May I join you?

The doorbell rings a bare 20 minutes after I’ve got rid of them. I push my chair back reluctantly, to answer it. Now what, I groan as I see the small figure through the peephole.

Only when I open the door do I realise that the Bean has tears streaming down her tiny face. She’s six now, but she’s built small and looks like a four year old. And there’s nothing like tears coursing a path down dusty cheeks to break a mother’s heart.

I kneel down and ask her what’s wrong. She is so upset that she can’t form the words and she hiccups it out. I am given to understand that the bigger girls in the park won’t let her play because she’s friends with another girl they don’t like. They made fun of her for even asking to join them. Cliques have existed forever. The Bean, however, doesn’t do cliques. She is very social, can play with kids of any age and sees no reason to restrict herself to one set.

But I’m not seeing reason right now. I’m seeing only a red haze. Anger and hurt. My baby is crying because a bunch of mean big girls aren’t letting her play with them. I know it took her a lot of courage to walk up to them and ask if she could join them. And I know she’s aching because they turned her down and then proceeded to make fun of her. I grab her by the hand and march out self righteously. The door swings shut behind me, I am not carrying my cell phone and I’m in my rubber chappals.

We reach the park and I ask her to point out the group of girls she wants to play with. They’re playing some new fangled game of tag that I can’t make sense of. I am out of breath, my knee is aching and the Bean is being yanked along by the arm, willy nilly. I am going to kill anyone, everyone who makes my baby cry. With my bare hands. And bury them. Under a couple of rocks. And then jump on their graves. Just to be sure.

As I close in on them the red haze fades. My feet slow down. My heart stops stomping in place and settles down to a regular thump. I feel my BP normalize.They are just a bunch of young girls playing the same games they’ve seen played before. Politicking, forming cliques, taking pleasure in another’s discomfort at being left out, knowing no better because no one has seen fit to talk to them about it. It’s a cycle. Other girls have left them out of cliques, and they are finally in a position to do the same. Vengeance will definitely be theirs.

I’ve never seen this happen with the Brat or other boys. Any number of them join a football game, anyone can bowl for the team. Any number can have a cycle race and they’re always willing to have an extra chor or police. It seems to extend into adulthood with men easily joining a gang going out for drinks or a smoke outside office. Women on the other hand will have a hundred hangups about joining an existing group or letting someone new in. Why do we do this? At what age does it start and why don’t we do something to put an end to it?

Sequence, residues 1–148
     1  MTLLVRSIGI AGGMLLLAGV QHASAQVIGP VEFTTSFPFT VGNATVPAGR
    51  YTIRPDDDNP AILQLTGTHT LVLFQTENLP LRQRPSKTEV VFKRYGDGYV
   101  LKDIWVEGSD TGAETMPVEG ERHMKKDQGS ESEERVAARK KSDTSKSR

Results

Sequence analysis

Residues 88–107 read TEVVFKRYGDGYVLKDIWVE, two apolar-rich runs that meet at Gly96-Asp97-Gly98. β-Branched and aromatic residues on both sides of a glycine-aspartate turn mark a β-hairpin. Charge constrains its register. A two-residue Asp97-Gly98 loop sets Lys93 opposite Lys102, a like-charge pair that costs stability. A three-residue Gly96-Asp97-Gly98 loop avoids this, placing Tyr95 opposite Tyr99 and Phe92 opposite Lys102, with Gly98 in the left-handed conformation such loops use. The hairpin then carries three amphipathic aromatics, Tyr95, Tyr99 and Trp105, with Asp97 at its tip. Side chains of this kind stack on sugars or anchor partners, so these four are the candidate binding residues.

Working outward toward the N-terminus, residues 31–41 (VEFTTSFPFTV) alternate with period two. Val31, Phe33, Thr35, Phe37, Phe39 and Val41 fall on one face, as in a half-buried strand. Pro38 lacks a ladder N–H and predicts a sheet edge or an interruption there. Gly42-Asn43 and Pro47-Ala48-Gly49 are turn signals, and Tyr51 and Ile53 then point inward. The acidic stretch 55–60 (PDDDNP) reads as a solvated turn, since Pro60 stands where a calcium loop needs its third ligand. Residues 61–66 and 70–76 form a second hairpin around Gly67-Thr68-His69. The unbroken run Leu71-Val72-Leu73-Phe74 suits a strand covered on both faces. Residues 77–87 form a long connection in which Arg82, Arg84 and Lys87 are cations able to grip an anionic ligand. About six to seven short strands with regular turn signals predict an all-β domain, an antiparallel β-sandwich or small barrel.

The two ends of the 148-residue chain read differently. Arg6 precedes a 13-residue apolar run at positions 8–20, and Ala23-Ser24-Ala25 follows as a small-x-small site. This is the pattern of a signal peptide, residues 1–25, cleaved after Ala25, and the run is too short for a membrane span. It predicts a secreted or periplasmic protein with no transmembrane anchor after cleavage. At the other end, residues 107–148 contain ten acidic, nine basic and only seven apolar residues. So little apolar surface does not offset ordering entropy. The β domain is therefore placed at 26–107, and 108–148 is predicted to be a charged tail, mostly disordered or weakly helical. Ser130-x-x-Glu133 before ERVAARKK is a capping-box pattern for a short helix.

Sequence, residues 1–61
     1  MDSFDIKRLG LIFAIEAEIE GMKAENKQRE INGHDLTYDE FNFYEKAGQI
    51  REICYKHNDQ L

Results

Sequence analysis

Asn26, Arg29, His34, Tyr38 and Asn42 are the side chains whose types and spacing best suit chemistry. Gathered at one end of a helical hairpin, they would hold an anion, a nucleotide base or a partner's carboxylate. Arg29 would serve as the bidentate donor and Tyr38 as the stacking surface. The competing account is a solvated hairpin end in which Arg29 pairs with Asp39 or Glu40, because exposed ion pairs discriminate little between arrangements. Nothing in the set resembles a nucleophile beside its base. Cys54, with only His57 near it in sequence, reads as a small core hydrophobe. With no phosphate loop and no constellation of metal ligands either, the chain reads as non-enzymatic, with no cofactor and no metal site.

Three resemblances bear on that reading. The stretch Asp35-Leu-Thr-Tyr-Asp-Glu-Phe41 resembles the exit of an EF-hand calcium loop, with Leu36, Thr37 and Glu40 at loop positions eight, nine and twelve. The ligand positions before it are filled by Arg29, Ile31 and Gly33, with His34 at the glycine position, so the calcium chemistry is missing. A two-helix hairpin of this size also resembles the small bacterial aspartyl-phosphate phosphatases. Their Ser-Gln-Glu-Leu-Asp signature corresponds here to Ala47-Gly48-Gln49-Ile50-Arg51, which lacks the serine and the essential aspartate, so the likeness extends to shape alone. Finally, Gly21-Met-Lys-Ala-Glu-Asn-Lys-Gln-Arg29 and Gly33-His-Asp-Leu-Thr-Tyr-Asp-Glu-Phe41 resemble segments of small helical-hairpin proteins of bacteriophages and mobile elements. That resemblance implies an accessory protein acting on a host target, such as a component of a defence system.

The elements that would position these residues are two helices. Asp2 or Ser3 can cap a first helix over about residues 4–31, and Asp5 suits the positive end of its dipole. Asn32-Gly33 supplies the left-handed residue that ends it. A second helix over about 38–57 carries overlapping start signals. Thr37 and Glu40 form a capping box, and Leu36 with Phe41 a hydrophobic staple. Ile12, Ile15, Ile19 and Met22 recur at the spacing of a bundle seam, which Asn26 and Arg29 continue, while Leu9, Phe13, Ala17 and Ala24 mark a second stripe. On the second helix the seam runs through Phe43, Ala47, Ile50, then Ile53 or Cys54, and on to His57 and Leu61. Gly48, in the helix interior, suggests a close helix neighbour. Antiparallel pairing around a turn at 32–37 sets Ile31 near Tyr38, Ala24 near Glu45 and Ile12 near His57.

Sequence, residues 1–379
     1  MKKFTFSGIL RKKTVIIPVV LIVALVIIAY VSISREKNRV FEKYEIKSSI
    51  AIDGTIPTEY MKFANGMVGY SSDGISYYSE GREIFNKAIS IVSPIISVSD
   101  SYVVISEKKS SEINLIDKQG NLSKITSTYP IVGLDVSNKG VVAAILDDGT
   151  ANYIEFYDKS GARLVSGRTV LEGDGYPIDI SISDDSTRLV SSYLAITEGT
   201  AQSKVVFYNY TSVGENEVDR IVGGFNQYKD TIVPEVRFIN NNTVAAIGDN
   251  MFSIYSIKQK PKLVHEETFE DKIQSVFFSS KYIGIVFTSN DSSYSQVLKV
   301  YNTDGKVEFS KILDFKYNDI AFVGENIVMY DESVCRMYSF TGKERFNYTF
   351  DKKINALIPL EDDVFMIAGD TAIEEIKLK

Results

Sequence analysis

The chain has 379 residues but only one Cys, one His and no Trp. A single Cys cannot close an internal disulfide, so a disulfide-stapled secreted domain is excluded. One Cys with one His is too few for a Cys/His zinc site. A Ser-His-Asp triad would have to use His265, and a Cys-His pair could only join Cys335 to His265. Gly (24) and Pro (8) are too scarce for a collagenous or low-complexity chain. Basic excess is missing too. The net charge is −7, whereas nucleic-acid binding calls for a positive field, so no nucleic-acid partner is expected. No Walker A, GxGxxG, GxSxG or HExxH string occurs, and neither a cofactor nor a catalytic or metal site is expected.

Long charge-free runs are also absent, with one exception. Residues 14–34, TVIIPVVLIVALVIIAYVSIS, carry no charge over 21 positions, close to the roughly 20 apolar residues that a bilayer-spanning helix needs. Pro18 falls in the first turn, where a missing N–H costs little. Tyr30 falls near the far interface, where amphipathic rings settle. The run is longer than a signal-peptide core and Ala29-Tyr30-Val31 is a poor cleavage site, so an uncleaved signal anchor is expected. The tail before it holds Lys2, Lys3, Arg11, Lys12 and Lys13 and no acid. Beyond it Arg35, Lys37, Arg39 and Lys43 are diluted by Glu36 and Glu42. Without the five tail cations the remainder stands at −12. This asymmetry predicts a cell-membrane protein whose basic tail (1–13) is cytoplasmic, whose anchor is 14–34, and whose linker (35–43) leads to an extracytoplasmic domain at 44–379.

They all look up as we approach – some enquiringly, some nervous, some looking at the Bean and joining the dots. They don’t want my daughter and they certainly don’t appreciate her mother coming onto the playground to plead her cause, hair flying wildly around her face, in tattered tracks and a faded tee. 

Hi, I venture tentatively, feeling like a 5 year old in a new playground. Would they mind including the Bean in their game, please?

They look uncertain.

She’s small and might get hurt, one of them offers. 

That’s okay, I say gently. If she gets hurt and wants to leave, that is her choice. But do give her a chance.

A braver one, teenager, two plaits down her back says, ‘She doesn’t play with us, Aunty. She plays with X.’

I take a deep breath, remind myself that they are not my daughters, they don’t need to be preached to and that they are in a position to turn me down anyway. And then I point out, as calmly as I can, that she plays with everyone who plays with her, loves making friends and has not been able to join them earlier, because they’ve not let her. They might just like her once they get to know her.

And then I appeal to their vanity. All little girls look up to the didis – and the Bean thinks they are very cool. Would they mind having her tag along? I know she’ll win them over once they start playing. As soon as they get the fact that she is an ‘other’, not one of them.